Not all cigarettes sold within Settling States trigger an escrow obligation. For example, most cigarettes sold on Native American reservations are exempt from escrow payments. Escrow Statutes require payments on "units sold." "Units sold" in a given state are measured by the number of cigarettes in packs bearing a state excise tax stamp. See, e.g., N.Y. Pub. Health Law § 1399-oo(10). On Native American reservations, packs typically are sold without state excise tax stamps. (Tr. 257.)
3. The Allocable Share Amendment
All of the Settling States (except Missouri) reacted to the large escrow releases by amending their Allocable Share Provisions. (Hering Decl. ¶ 17.) The new "Allocable Share Amendment" entitles the NPM to a release of escrow funds only to the extent that its escrow payments in a given state exceed what the NPM would have owed to all states under the MSA, if the NPM had been an SPM. See, e.g., N.Y. Pub. Health Law § 1399-pp(2)(b)(ii) (McKinney's Supp. 2005). An NPM's escrow obligation now is calculated solely by reference to sales within a Settling State, with no consideration given to the State's Allocable Share. (Tr. 253.) Under the new law, NPMs will not receive large escrow refunds even if they concentrate their sales in a small number of States. (Williams Decl. ¶ 14-15.)
The failure to make escrow payments is punishable pursuant to a State's "Certification Statute." All of the Settling States whose attorneys general are parties to this action have enacted a Certification Statute. (Hering Decl. ¶ 20.) In New York, for example, an NPM must certify annually that it is in compliance with the Escrow Statute. If the NPM does not so certify, it must make the payment within fifteen days. Failure to do so could result in court-imposed civil penalties of a certain percentage of the shortfall. After subsequent knowing violations, the court may ban the manufacturer from selling cigarettes in the state for up to two years. See N.Y. Pub. Health Law § 1399-pp(2)(c).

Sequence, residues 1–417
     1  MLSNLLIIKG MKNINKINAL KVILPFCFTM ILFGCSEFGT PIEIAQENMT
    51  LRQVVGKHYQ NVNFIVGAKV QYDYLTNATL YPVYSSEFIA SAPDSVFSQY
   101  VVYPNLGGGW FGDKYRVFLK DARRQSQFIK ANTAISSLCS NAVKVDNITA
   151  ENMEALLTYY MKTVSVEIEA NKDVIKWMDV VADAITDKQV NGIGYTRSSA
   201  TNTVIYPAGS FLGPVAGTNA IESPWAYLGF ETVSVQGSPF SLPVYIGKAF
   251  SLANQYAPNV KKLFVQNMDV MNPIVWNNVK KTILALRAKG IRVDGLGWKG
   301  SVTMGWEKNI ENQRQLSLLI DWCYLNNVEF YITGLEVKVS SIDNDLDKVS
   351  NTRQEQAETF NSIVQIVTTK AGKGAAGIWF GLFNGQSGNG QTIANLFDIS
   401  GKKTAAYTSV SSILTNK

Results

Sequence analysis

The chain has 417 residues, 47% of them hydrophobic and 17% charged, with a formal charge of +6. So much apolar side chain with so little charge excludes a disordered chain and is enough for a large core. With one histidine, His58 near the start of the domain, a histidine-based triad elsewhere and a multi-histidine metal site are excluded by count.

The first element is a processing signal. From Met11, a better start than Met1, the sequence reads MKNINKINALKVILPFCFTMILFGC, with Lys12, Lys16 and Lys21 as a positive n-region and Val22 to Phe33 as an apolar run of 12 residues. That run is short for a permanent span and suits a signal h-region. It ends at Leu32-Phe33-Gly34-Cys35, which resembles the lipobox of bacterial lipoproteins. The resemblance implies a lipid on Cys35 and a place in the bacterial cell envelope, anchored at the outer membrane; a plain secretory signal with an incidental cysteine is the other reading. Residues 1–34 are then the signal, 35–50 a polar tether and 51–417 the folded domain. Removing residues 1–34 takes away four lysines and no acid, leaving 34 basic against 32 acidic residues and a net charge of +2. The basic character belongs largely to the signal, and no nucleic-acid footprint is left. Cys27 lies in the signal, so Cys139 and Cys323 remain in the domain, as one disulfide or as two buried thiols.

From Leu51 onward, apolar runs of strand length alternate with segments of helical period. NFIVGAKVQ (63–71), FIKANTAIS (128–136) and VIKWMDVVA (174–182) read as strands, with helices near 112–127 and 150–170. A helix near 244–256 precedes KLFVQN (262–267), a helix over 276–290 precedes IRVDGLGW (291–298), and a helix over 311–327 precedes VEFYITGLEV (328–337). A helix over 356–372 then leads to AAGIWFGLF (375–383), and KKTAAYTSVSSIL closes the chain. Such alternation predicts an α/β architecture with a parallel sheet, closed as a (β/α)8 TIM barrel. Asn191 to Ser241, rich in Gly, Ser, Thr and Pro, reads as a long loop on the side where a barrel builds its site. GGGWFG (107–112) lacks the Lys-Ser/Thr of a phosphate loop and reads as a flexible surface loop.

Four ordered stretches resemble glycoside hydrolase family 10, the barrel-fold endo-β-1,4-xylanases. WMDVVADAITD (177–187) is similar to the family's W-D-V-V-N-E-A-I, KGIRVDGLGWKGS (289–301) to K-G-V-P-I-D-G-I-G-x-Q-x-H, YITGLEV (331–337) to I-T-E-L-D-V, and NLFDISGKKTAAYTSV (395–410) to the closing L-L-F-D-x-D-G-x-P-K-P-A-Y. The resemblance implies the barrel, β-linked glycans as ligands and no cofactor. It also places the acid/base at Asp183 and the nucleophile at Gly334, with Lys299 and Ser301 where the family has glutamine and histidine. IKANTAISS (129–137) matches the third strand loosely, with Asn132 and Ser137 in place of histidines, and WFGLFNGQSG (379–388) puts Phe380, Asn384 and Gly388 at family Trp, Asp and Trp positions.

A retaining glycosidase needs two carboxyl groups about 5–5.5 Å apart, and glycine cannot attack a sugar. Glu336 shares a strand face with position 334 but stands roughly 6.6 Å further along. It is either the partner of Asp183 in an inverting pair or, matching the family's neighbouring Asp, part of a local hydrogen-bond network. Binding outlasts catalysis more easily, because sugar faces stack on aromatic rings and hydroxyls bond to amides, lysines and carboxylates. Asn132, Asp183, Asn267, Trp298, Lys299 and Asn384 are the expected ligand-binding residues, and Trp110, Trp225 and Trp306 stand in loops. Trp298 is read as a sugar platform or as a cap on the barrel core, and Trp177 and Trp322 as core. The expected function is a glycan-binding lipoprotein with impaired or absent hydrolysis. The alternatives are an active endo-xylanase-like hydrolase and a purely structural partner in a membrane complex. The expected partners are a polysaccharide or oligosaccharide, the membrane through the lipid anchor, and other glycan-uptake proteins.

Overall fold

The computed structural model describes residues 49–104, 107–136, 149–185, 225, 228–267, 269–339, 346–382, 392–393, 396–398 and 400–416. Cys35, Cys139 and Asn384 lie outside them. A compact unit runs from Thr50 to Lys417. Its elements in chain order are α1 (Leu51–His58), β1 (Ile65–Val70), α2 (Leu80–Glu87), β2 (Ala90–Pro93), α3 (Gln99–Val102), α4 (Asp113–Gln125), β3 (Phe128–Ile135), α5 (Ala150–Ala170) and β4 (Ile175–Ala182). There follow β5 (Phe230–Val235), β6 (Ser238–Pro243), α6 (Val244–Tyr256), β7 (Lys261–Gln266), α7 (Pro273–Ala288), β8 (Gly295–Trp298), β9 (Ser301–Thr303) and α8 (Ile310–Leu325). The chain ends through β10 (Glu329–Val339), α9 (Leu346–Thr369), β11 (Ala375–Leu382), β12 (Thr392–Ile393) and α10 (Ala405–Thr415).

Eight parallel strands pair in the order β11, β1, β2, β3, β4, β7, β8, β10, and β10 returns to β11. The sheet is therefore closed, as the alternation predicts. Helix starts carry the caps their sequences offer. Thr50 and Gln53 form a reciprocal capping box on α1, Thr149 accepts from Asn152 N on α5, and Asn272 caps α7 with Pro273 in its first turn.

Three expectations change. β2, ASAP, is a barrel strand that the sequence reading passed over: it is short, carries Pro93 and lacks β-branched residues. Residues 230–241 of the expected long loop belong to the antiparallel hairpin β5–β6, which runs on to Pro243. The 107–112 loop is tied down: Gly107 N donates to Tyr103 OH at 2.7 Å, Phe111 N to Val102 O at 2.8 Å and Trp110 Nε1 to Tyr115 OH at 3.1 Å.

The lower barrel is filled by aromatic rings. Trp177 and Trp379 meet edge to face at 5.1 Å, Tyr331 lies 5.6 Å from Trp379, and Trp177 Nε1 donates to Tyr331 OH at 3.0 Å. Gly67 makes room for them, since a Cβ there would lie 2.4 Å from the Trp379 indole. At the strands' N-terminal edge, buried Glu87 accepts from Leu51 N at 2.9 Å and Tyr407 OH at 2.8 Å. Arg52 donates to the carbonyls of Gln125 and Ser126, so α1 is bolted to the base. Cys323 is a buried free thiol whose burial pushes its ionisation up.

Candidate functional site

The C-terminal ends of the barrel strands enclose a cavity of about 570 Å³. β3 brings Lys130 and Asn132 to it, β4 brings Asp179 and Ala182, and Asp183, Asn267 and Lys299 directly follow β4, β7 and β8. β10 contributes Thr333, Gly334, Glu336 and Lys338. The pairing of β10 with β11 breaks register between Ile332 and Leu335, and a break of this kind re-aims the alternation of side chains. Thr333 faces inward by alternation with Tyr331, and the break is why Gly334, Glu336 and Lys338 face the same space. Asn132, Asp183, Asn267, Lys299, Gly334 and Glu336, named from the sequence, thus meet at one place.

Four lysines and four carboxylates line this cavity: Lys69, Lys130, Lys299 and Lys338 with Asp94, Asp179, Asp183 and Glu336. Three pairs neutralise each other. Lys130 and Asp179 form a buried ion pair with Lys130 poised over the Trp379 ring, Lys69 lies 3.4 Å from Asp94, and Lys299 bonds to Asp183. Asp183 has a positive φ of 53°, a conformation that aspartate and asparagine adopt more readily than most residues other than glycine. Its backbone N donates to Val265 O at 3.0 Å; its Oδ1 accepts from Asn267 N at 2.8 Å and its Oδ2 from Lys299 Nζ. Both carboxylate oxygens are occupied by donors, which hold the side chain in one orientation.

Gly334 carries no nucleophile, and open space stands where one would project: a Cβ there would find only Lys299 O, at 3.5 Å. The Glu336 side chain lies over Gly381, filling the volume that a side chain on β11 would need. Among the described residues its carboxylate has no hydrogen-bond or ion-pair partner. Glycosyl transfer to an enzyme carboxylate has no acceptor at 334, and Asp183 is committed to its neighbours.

Under newly enacted "Contraband Statutes," the State tax commissioner has authority to impose a civil penalty of up to $5000 against an NPM that violates the Escrow Statute. See N.Y. Tax Law. §§ 480-b(2); 481(c). If the commissioner finds the NPM in violation of the Escrow Statute, he may prevent the NPM's cigarettes from obtaining a state cigarette tax stamp. Id. § 480-b(2). He also may seek to suspend or cancel any license issued to an NPM. Id. § 481-c. Grand River contends that the Contraband Statutes give the attorneys general unilateral authority to ban sales of cigarettes in their States without recourse to the courts. (Grand River Prop. Finding of Fact # 16.)
Grand River is a Canadian-incorporated NPM. It is owned by First Nations members of the Iroquois Confederacy. (Williams Decl. ¶ 2.) Grand River's principal place of business is on the Six Nations Reservation in Oshweken, Ontario. (Tr. 116.) Grand River manufactures cigarettes for sale in Canada, the United States and other countries including Germany, Denmark, Switzerland, Sweden, Vietnam and some African nations. (Tr. 197-98). Grand River currently is the fourth largest cigarette manufacturer in Canada. (Tr. 195.)
Grand River sells cigarettes to two companies for distribution in the United States: Native Wholesale Supply Company ("Native") and Tobaccoville (Tr. 196.) Native sells Grand River cigarettes exclusively on Native American reservations in the United States. (Tr. 197.) As stated, Grand River incurs no escrow obligation from these sales. (Tr. 257.) In 2005, Grand River sold approximately 1.6 billion cigarettes to Native. (Tr. 196-97.) Tobaccoville sells the rest of Grand River's cigarettes in seven Settling States: North Carolina, South Carolina, Georgia, Tennessee, Oklahoma, Arkansas and Kansas. (Tr. 56.) These sales totaled 3.6 billion cigarettes in 2005, nearly a fifty-fold increase over ...